If Andy had to tape close another box, he was pretty sure that he was going to tear his hair out. After sealing the flaps shut, he stood up and stretched his back, wincing as his muscles popped from being stooped to long. He looked around Sharon’s bedroom, just to make sure he hadn’t left any boxes unattended. He swept his gaze over the now empty room, remembering some of the memories these walls housed.
Sharon’s condo had been where it all started in all honesty; they had seen many difficulties and changes in their relationship here. The weeks he had stayed here when he was injured, testing the very beginning of their fledgling relationship. They barely knew each other in the intimate sense; there they were sharing a living space, combining households for a time. So much had changed since then and it made him smile to think about how far they had come and where they were now.
Rusty had come to them a few months ago, and he had decided that it was time for him to spread his wings. He moved into his own apartment, near them and Gus of course, not yet ready to share that type of intimacy with his boyfriend. Sharon was hesitant, but gave Rusty her blessing anyway, she would miss him but she also understood his need for independence.
The weeks following were a blur. Many different locations later, he had found the perfect loft to suit his needs and that was of course Mother approved. Then came the shopping. Andy was used to Sharon, he knew exactly how much she loved to shop, and it was almost a sport to her. Although Rusty’s enthusiasm came as a shock, but he suspected the young man was too excited to care if his endeavors were out of character or not.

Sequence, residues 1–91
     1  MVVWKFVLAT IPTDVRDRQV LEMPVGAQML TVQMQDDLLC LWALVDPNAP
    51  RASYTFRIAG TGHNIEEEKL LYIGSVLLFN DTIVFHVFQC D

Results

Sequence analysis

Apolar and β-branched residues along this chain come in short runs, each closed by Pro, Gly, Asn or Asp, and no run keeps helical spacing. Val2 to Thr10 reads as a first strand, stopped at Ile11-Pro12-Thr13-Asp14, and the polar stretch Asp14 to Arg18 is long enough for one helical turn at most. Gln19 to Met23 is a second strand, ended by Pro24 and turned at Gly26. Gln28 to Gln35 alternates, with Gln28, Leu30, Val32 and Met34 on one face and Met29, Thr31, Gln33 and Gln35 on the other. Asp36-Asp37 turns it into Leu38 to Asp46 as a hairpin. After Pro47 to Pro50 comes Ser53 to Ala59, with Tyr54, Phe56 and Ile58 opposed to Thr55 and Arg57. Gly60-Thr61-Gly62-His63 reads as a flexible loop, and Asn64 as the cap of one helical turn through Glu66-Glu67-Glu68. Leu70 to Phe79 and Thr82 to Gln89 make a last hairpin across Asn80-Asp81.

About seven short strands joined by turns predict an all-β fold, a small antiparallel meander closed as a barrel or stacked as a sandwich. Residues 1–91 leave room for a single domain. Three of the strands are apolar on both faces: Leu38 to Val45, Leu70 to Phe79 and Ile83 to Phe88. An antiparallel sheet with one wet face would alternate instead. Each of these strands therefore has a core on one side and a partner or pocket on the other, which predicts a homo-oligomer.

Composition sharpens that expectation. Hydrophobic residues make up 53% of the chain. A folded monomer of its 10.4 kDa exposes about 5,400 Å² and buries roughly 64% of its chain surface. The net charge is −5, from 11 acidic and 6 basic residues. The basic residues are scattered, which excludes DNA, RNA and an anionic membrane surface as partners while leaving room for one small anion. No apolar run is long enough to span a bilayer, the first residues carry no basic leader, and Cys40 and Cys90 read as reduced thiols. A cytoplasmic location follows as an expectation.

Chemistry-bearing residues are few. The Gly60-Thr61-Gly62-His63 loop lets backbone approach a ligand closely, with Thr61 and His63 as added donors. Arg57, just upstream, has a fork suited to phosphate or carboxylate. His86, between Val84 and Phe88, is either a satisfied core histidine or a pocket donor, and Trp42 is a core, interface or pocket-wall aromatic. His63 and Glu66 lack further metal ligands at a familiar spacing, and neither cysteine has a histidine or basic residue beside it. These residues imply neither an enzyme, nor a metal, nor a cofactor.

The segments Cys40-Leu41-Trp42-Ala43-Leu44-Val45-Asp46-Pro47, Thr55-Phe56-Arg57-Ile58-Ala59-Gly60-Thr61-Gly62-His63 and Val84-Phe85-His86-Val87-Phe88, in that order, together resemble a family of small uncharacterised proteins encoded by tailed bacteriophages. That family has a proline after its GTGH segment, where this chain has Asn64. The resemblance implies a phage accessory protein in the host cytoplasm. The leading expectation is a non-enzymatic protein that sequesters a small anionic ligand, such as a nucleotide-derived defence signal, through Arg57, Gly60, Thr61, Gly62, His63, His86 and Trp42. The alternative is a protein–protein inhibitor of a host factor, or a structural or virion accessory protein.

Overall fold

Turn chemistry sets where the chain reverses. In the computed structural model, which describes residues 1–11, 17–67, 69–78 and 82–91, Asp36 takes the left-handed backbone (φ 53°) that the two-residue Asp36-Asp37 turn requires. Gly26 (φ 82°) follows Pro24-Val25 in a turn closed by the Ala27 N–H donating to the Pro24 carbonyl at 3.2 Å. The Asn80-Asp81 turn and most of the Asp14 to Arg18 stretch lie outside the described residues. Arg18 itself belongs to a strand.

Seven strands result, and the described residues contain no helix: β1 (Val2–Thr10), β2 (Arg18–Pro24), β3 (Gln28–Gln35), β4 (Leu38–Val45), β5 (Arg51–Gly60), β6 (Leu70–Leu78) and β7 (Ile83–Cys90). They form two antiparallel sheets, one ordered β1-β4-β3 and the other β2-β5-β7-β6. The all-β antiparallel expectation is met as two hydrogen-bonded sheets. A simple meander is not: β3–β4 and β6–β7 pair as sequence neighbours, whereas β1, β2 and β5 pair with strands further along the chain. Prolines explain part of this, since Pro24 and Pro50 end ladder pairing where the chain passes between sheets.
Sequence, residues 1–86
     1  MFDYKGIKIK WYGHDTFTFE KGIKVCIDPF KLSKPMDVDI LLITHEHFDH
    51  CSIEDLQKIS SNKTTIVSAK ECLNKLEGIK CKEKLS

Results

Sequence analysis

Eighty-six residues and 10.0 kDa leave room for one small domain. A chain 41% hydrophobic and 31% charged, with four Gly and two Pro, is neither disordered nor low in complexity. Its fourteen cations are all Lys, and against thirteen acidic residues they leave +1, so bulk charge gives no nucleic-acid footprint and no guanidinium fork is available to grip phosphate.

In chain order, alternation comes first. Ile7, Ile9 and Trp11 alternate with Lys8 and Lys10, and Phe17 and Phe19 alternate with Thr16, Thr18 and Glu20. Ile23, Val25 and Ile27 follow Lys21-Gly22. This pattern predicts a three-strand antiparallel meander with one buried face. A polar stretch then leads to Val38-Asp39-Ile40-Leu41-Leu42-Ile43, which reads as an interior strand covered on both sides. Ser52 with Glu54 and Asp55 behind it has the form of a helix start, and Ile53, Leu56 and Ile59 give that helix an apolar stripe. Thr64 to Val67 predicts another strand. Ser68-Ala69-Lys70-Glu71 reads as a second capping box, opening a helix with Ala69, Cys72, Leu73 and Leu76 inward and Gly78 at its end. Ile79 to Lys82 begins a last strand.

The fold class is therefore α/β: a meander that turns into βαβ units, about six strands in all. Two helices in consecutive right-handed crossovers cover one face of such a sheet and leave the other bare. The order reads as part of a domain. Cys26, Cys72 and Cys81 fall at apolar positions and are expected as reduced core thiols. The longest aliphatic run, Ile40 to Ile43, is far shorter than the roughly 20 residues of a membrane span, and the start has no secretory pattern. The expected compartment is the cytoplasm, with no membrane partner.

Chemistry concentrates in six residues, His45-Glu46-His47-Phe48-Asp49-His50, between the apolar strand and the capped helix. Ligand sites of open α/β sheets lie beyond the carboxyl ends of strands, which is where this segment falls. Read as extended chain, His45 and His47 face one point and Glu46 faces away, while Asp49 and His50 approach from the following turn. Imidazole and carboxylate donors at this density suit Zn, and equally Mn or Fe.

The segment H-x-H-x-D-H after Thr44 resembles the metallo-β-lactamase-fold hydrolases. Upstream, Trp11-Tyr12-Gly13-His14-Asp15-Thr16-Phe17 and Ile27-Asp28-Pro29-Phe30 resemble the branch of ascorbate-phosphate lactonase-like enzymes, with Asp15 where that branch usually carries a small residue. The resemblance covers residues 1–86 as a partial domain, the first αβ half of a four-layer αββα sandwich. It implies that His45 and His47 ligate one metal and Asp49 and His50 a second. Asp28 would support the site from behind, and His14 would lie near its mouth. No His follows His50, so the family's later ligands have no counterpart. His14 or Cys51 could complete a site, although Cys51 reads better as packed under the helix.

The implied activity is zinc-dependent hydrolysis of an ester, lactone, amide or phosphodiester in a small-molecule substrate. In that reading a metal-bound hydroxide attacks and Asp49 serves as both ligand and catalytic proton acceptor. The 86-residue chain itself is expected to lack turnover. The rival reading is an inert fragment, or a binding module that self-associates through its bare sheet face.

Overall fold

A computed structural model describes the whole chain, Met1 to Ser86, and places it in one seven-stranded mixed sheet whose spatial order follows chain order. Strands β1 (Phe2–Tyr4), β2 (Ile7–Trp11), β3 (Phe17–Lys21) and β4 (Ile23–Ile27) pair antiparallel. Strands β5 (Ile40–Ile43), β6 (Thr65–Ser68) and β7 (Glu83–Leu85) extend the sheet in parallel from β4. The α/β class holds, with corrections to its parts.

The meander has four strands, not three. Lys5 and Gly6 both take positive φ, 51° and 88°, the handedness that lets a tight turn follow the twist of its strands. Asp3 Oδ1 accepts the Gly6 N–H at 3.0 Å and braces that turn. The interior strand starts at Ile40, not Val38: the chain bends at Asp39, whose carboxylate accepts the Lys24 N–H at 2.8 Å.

After her son was settled, Sharon began to become more introspective. She started talking to Andy about selling the condo, how their lives were ever changing and perhaps someday they would need more room. A nice house with a pool and enough rooms for when his or her children visited…all of this over dinner in one of their favorite cafés. To say he astonished was an understatement, he had nearly choked on his salad. Her only response was to smile at him sweetly, her eyes gleaming in the overhead lights.
So here they were now, packing what remained of Sharon’s condo, they had finished his bungalow yesterday, in preparation to collect the keys for the house they had bought together. He shook his head…he still couldn’t quite believe it.
It was then that he saw something barely peeking over the threshold of, what he once thought, the brunette’s empty closet. Curiously he walked toward it, bending down to scoop up the small rectangular box, his eyes scrutinizing the outside surface. Andy looked around to see if Sharon was within hearing distance, but found no trace of her. He gently raised the lid of the box and peered inside.
What he saw definitely wasn’t what he was expecting. There were a few photos on top that he gently moved to the side, and underneath were folded pieces of paper. He took one gingerly out of the box, careful of the worn creases so as not to tear the delicate paper. The handwriting that greeted him was one he recognized instantly; he had on seen it on reports and the whiteboard in the murder room for years. He knew he shouldn’t finish reading the letter, that these were obviously Sharon’s private things so he skipped to the bottom and found the familiar name in flowing script.